Phillis Wheatley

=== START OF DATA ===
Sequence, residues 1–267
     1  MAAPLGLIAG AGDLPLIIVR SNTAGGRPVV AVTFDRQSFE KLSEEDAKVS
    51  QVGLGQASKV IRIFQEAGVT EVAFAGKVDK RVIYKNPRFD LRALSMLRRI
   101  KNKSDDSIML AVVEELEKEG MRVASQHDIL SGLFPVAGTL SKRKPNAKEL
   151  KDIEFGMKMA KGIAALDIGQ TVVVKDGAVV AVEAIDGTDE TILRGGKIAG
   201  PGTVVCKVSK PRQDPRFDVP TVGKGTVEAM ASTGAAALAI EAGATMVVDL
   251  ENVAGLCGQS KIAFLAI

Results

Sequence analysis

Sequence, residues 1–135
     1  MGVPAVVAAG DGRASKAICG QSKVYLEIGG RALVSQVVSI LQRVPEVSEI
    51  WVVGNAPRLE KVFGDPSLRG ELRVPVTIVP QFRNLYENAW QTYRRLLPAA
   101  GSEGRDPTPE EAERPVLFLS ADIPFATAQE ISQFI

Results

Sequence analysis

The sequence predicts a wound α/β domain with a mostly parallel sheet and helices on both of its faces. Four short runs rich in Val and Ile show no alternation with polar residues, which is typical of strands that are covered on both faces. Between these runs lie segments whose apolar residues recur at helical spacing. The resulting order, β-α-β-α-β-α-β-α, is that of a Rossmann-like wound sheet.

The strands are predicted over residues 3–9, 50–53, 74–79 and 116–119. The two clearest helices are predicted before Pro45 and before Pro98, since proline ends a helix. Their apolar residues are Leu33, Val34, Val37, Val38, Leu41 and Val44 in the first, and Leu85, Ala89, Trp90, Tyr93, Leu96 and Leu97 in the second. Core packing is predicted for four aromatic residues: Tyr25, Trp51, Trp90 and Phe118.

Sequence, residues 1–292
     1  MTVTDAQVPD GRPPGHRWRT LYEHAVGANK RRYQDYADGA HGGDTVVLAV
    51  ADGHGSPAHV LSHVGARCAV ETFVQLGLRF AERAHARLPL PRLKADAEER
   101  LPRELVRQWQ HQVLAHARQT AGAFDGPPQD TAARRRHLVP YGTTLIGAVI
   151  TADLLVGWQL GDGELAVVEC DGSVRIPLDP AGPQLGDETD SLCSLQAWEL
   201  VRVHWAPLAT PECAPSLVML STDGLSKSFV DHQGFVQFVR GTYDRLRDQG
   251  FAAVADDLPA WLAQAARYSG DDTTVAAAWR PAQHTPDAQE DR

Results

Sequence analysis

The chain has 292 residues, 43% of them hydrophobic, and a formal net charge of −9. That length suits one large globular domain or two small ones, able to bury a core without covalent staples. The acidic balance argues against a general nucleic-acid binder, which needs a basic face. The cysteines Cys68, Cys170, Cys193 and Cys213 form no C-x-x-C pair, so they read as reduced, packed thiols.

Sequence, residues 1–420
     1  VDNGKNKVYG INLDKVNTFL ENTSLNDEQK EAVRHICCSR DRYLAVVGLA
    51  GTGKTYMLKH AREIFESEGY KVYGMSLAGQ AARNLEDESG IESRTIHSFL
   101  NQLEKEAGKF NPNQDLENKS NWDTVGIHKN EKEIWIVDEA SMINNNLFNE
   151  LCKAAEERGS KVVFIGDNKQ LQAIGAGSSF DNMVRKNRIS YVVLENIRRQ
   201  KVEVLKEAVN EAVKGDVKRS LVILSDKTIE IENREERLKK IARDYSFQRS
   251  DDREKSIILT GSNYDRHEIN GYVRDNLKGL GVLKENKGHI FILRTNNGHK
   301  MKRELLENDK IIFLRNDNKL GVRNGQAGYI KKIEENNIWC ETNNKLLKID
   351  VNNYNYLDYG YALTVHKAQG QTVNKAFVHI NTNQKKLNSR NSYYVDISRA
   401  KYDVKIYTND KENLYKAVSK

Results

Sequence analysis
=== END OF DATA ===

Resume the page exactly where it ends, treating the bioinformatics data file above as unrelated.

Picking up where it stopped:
Phillis Wheatley (1753 – December 5, 1784?) was the first professional African American poet and the first African-American woman whose writings were published. Born in Gambia, Senegal, she was enslaved at age eight. She was purchased by the Wheatley family of Boston, who taught her to read and write, and helped encourage her poetry.Born about 1753 in West Africa, she was kidnapped in 1763 and taken to America on a slave ship called The Phillis (this is where she got her name). She was purchased in Boston by John Wheatley. Wheatley and his wife Mary instructed the young girl and encouraged her education including study of Latin and history. Mrs.Wheatley arranged for Phillis to work around the house and allowed Mary Wheatley to tutor Phillis. Mary Wheatley taught Phillis science, geography, and history. Phillis was also taught English and studied the American Bible extensively. Within 2 ½ years of joining the Wheatley family, Phillis was fully literate. At the age of 12 she was reading the Greek and Latin classics, and passages from the Bible. This amazed the Wheatleys. Phillis was encouraged to continue to learn and was allowed to express herself, so much so she was also provided pen and paper on her nightstand in case she was inspired to write during the night.In 1773, Phillis Wheatley was sent to London with Nathaniel Wheatley. However Wheatley’s visit did not go unnoticed. She held an audience with the Lord Mayor of London, she was also scheduled to have a session where she recited a poem to George III was arranged, but Phillis returned home before expected. A collection of her poetry was also published in London during this visit. Wheatley was free of slavery, but not given the full rights of a free woman. On October 18, 1773 she was given this "freedom" as a result of her popularity and influence as a poet.In 1775, she published a poem celebrating George Washington entitled, “To his Excellency General Washington.” In 1776, Washington invited Wheatley to his home as thanks for the poem. Wheatley was a supporter of the American Revolution, but the war hurt the publication of her poetry because readers were swept up in the war and seemingly uninterested in poetry.In 1778, Phillis was legally freed when her master John Wheatley died. Three months later, Phillis married John Peters, a free black grocer. Wheatley was unable to publish another volume of her poetry. Wheatley’s husband, John Peters, was imprisoned for debt in 1784, leaving an impoverished Wheatley behind with a sickly infant daughter, Eliza. Wheatley became a scullery maid at a boarding house, forced into domestic labor that she had avoided earlier in life while enslaved. Wheatley died alone on December 5, 1784, at age 31.Phillis Wheatley, like most authors, wrote about what she knew or experienced. She believed that the power of poetry is immeasurable.

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